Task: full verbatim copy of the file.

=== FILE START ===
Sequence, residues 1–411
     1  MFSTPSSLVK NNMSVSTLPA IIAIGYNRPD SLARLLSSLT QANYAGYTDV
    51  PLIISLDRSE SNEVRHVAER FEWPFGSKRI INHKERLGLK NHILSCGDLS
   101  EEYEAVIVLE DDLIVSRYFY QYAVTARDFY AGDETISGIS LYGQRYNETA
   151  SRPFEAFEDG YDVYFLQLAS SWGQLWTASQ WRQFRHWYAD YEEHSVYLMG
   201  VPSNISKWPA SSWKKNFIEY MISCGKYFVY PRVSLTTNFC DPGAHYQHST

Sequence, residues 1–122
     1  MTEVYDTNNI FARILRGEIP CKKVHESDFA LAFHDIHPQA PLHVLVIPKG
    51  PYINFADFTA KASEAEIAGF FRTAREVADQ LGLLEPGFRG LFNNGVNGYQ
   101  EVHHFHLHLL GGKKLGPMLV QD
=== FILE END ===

Sequence, residues 1–411
     1  MFSTPSSLVK NNMSVSTLPA IIAIGYNRPD SLARLLSSLT QANYAGYTDV
    51  PLIISLDRSE SNEVRHVAER FEWPFGSKRI INHKERLGLK NHILSCGDLS
   101  EEYEAVIVLE DDLIVSRYFY QYAVTARDFY AGDETISGIS LYGQRYNETA
   151  SRPFEAFEDG YDVYFLQLAS SWGQLWTASQ WRQFRHWYAD YEEHSVYLMG
   201  VPSNISKWPA SSWKKNFIEY MISCGKYFVY PRVSLTTNFC DPGAHYQHST

Sequence, residues 1–122
     1  MTEVYDTNNI FARILRGEIP CKKVHESDFA LAFHDIHPQA PLHVLVIPKG
    51  PYINFADFTA KASEAEIAGF FRTAREVADQ LGLLEPGFRG LFNNGVNGYQ
   101  EVHHFHLHLL GGKKLGPMLV QD